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The Washington Post's Fake News On Trump's Alleged Racism

Race-baiting President Trump has become a staple of the front page of Leftwing billionaire Jeff Bezos’ Washington Post, but the high school newspaper of the Swamp’s inside elite may have hit a new low with this editorial cum news report: ‘I’m not going there’: As Trump hurls racial invective, most Republicans stay silent.

Trump tweet dogThis time the lead paragraph was about the tabloid-level news of the Twitter war between Trump and fired staffer Omarosa Manigault-Newman, “Omarosa” to followers of the President’s former reality TV show, The Apprentice:

The president of the United States had just lobbed another racially charged insult — this time calling his former top African American adviser a “dog” — but Sen. John Cornyn (R-Tex.) had no interest in talking about it.

Of the three premises in the lead paragraph of the article two are not just disingenuous, but downright false, and the third is a classic of the new media genre of “Republicans disavowing Trump.”

First of all, the President’s “top African American advisor” would be Secretary of Housing and Urban Development, and former Republican presidential candidate, Dr. Ben Carson, not a staffer in the White House office of public liaison.

Secondly, we find no evidence that calling someone a “dog” has any history of being a racial insult, especially from the President.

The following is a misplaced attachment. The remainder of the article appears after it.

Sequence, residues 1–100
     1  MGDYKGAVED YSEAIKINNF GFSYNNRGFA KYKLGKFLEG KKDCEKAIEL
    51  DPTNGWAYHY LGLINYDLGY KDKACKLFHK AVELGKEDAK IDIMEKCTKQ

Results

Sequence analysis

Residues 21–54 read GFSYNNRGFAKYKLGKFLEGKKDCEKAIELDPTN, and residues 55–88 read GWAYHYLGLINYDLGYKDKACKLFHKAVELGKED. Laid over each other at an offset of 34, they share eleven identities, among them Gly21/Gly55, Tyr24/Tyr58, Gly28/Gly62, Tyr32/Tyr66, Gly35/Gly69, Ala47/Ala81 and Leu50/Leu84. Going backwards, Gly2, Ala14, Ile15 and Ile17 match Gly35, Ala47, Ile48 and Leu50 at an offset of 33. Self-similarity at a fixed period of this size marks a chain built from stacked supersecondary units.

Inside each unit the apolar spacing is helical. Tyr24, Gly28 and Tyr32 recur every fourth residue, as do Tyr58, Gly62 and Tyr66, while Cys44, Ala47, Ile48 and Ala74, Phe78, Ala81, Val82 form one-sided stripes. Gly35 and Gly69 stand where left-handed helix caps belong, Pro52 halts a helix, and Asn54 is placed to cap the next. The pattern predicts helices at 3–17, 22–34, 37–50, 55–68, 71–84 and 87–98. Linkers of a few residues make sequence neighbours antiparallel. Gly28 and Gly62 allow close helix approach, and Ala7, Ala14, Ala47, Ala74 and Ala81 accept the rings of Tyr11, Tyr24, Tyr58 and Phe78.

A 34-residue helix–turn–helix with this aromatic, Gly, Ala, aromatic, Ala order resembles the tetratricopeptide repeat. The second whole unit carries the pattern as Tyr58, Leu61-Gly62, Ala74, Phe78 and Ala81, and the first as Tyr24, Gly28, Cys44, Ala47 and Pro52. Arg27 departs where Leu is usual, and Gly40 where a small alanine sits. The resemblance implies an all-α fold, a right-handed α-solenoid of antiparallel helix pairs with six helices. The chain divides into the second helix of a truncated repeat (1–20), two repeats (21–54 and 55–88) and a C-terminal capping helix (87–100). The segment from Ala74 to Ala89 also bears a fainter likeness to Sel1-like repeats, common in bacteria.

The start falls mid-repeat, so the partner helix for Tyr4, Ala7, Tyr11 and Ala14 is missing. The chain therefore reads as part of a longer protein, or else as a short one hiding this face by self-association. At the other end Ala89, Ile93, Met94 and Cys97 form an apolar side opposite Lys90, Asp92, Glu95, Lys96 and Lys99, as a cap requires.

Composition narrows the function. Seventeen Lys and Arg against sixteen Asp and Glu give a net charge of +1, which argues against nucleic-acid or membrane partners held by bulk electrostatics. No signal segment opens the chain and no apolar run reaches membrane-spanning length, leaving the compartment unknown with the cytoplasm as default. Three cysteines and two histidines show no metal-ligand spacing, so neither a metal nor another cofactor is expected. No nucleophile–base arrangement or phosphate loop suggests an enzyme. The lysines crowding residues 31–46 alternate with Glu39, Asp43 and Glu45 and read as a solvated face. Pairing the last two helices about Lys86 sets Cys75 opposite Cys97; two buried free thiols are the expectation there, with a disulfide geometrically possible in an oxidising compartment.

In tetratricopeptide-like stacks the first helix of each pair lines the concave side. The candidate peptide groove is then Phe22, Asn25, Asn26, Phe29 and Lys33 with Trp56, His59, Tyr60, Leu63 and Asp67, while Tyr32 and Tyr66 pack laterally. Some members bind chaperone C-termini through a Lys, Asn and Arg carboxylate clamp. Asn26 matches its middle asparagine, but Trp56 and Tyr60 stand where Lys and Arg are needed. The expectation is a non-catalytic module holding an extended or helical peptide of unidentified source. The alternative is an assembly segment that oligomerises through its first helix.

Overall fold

“Dog” has been an equal opportunity insult from Donald Trump. A quick Google search turned-up former campaign CEO Steve Bannon, former NBC news personality David Gregory, #NeverTrump commentator Erick Erickson, Glenn Beck, Chuck Todd, #NeverTrump commentator George Will, unfunny TV personality Bill Maher, Mitt Romney, Ariana Huffington, David Axelrod, even our friend, conservative stalwart Brent Bozell got hit with the epithet when he criticized Trump during the 2016 campaign.

As for the new media genre of “Republicans disavowing Trump,” here’s how it works.

Some Republican elected official is minding his own business doing the people’s work, and suddenly he is ambushed by reporters from the Washington Post, asking him or her to disavow some remark the President has made – in this case characterizing an employee fired for cause as a “dog.”

The Republican elected official having no “dog” in the fight naturally demurs, at which point the story becomes “Republicans refuse to support Trump.”

In order to invent this “news article” the Washington Post staff allegedly called all 51 Republican members of the Senate, but only perennial Trump critics Senator Jeff Flake of Arizona and Robert Corker of Tennessee – both of whom are retiring after getting crosswise with Trump – came out and hit the President.

Senator Perdue said in an interview that he believes Trump is results-focused and “trying to be ­all-inclusive,” and that Democrats are the ones using race as a political issue. “I have many friends in the African American community and they’re tired of being treated as pawns,” said Perdue.